Well, Fr. John, as I used to tell you in the past and during your last visit to Lithuania in 2008, being at Mount Michael in the beginning was some kind of a mixture between tasting the waters of monastic life and also spending some time in a different culture. The last-mentioned one is, in my opinion, in most cases the main reason for the biggest part of foreigners who come to another country and wish to escape from the feeling of boredom. Exactly this natural feeling (along with other needs that a man has), according to the psychologist C.D. Fisher et al., is an emotional state experienced during periods lacking activity or when individuals are uninterested in the activities surrounding them. That happens to everyone and the possibility to spend some time in totally new socio-cultural environment and also to get some bonuses from it (e.g. strengthening lingual skills, broadening ones social circle etc.) in many cases is seen as a basic way-out of being bored. Actually, I don’t want to say that I was totally bored while living in my native country, but having an opportunity to see other culture (even in the name of studies, love or discernment) and communicate with different people, who have various approaches to things, were quite main factors of my arrival and stay at MM Abbey.

However, as you well know, deep in my heart I had a great desire to live communal life, sharing my abilities and skills for the wellbeing of others. From time to time I was caught by the wish of holy solitary and the chances to combine prayer and work. Thus, Benedictines as well as Jesuits (later we could talk a bit more about their positive influence to my thinking), were seen as the right point of fulfilling this desire of mine. Especially American Benedictines, who are in many ways different than Europeans (by the way there is a French-rooted priory in Lithuania as well), have attracted me and I thought this is the place where I could realize my dreams and goals in life. So, after all, as you may assume, I felt quite a mixture of various feelings about being at MM and, of course, one of the most important was to ponder whether or not I’m suitable for such a living style.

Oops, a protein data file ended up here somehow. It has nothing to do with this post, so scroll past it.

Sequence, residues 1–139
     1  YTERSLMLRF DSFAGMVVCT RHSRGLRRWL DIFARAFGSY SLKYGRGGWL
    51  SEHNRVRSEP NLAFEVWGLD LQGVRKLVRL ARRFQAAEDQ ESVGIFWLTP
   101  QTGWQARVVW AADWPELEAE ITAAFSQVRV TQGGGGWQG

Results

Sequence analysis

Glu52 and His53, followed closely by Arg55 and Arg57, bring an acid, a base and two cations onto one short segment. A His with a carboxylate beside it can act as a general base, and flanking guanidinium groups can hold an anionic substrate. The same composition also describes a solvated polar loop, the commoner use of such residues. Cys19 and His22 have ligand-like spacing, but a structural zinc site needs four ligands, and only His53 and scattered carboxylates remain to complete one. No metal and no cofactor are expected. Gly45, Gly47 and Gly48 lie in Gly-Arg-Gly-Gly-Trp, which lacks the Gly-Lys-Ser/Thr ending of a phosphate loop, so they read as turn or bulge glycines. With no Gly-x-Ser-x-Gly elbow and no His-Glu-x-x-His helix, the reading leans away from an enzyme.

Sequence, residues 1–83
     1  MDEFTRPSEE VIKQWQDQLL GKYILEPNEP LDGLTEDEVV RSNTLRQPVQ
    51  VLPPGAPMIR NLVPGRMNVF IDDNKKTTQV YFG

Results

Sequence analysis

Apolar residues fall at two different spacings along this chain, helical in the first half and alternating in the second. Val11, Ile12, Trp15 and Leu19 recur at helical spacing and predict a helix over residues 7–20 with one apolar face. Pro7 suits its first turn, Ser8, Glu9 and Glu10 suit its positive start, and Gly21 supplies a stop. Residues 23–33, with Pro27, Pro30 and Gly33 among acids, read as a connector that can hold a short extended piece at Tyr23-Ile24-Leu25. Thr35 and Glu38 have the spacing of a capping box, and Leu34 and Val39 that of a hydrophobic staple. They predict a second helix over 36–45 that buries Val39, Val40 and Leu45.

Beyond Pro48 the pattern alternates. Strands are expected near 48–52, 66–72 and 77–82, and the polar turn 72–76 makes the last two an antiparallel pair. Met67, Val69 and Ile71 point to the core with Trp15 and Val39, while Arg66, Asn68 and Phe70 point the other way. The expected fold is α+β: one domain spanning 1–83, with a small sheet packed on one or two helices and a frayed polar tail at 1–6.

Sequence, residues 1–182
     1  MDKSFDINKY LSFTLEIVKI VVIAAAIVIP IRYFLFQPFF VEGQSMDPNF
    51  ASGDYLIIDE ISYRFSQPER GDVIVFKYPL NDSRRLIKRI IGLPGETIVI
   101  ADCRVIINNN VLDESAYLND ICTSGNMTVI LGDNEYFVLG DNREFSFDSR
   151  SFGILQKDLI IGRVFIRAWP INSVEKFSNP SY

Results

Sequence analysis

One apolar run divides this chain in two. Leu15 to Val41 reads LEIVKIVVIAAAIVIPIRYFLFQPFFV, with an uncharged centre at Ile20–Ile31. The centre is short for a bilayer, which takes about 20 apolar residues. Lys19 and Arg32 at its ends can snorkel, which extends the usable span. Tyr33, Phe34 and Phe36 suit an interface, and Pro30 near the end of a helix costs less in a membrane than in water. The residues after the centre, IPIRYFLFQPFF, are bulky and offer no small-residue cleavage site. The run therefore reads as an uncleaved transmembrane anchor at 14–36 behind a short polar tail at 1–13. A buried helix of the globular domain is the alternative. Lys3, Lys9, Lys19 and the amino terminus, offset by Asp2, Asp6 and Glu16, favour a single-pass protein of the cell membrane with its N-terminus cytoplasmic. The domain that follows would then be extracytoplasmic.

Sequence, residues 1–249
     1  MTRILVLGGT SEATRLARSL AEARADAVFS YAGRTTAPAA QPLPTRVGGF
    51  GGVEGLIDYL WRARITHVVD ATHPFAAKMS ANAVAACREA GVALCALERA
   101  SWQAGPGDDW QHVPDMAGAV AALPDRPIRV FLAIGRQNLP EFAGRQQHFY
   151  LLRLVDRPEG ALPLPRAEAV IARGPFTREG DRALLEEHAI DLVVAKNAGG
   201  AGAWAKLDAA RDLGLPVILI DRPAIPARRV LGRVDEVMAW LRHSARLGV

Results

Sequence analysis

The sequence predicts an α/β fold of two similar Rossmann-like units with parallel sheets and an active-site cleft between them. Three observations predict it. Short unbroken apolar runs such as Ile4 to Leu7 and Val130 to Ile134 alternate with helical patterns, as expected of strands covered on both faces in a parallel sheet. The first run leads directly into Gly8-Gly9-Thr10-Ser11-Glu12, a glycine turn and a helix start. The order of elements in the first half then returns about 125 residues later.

Speaking about the value of spending time at MM Abbey, I could state that I was gifted abundantly with plenty of choices to use my skills and knowledge within the Benedictine day-routine and in that regard I have had a great opportunity ever – to FEEL what a real life is being as a member of that community. Spending some time in the sphere that you are interested in is the best way a person can do in his/her life. By the way, this is how Japan society is built having in mind the vocational training – students, according to Sh. Fukuyama, before they choose study field at the higher education level have to experience the real situation of their desirable profession.

The second question is about was it embarrassing to you when you realized that a monastic vocation really was not your calling?